HPA axis dysfunction has been associated with everything from Multiple Schlerosis, Chronic Fatigue Syndrome, Fibromyalgia and Irritable Bowel Syndrome to anxiety, depression and burnout.
For the most part when people say they have Adrenal Fatigue, they more likely have HPA-axis Dysfunction. It’s clear that if we focus our protocols on the adrenal glands, we are missing the mark. Are you following me? It’s not an adrenal issue to begin with.
When most people talk about stress, they are referring to the mental and emotional stress that we experience daily. This might refer to relationship stress, professional stress, financial stress or even the stress of driving in traffic.
Stress is much more than this.
Stress refers to anything that causes the body to lose homeostasis (that happy balance when everything is working as it should).
These types of stress aren’t always obvious to the average person. They might include;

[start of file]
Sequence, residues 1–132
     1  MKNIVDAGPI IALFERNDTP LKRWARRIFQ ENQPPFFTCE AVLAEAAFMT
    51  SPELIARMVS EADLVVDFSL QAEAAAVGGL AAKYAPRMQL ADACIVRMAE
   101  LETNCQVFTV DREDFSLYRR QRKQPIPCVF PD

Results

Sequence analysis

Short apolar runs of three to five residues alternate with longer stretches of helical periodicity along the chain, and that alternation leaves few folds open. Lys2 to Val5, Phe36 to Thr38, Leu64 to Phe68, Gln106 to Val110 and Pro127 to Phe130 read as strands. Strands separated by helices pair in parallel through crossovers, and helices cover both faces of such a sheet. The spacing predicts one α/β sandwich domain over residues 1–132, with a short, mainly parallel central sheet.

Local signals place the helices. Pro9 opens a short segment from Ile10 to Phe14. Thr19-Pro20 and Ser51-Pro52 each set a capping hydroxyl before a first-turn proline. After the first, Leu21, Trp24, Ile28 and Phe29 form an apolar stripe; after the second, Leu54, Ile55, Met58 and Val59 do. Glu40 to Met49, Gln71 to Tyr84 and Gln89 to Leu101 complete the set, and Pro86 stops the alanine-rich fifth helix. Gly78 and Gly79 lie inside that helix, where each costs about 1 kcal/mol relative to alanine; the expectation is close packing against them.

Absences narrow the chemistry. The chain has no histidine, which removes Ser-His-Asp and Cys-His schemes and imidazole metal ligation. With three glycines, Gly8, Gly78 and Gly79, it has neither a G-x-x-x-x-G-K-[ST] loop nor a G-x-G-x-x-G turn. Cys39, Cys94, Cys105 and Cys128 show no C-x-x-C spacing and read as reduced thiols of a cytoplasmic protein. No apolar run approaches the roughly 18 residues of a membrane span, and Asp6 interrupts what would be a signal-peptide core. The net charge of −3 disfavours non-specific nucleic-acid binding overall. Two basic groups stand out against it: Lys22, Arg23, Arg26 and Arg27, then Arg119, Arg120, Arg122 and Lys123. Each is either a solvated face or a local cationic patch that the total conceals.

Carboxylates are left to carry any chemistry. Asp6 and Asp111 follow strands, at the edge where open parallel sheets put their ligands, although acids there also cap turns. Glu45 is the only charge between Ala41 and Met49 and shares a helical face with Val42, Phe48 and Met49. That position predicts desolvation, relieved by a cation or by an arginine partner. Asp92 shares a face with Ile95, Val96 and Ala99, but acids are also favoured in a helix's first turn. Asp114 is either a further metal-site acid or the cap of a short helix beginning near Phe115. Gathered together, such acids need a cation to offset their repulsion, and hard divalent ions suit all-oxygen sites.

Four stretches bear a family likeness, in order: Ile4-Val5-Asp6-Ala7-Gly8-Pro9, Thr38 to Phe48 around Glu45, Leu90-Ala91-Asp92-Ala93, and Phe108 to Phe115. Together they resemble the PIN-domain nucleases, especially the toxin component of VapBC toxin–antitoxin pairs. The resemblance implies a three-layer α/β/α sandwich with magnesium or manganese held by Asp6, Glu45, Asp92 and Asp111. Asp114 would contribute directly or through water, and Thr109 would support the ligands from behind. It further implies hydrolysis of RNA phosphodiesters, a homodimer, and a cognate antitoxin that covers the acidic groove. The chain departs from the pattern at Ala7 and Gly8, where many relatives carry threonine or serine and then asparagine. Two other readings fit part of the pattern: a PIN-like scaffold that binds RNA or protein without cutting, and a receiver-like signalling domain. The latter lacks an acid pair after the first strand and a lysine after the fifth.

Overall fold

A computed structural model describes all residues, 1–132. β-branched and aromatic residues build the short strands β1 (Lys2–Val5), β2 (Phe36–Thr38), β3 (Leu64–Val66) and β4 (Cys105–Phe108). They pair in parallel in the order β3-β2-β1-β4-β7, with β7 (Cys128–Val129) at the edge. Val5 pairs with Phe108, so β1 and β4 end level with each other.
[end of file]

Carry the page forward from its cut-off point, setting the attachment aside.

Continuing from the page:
As you can see stress can be many things. The above can result in activation of the HPA axis and eventually lead to it’s dysfunction, especially if these stressors become chronic (rather than quick and easily resolved)
Let’s discuss some of the other factors that link the stress system to a change in your energy and hormone levels.
Your thyroid is a butterfly shaped gland located in the center of your throat. This gland is the regulator of your metabolism. Its job is to produce T4, an inactive thyroid hormone, which then gets converted to T3, the active thyroid hormone. T3 regulates the rate of your metabolism.
There are receptors for thyroid hormone in every single cell in the body. If your metabolism is sluggish then you will not produce energy at a rate that keeps you energized. Therefore people who struggle with hypothyroid (an underactive thyroid) usually have low energy and struggle to lose weight. They are also more susceptible to imbalanced sex hormones because low thyroid slows down the rate at which hormones and made and broken down in the body.
When your thyroid hormone production is low everything from your brain cells to your heart cells struggle to produce energy.
Stress is known to reduce both T4 and T3. Additionally, stress may lower Thyroid Stimulating Hormone (TSH) which is the main signalling hormone that the pituitary sends the thyroid to tell it to produce thyroid hormone.
This is a common way that hypothyroid gets misdiagnosed. Some thyroid issues are primary, meaning that the thyroid is not functioning as it should and the result is decreasing thyroid hormone.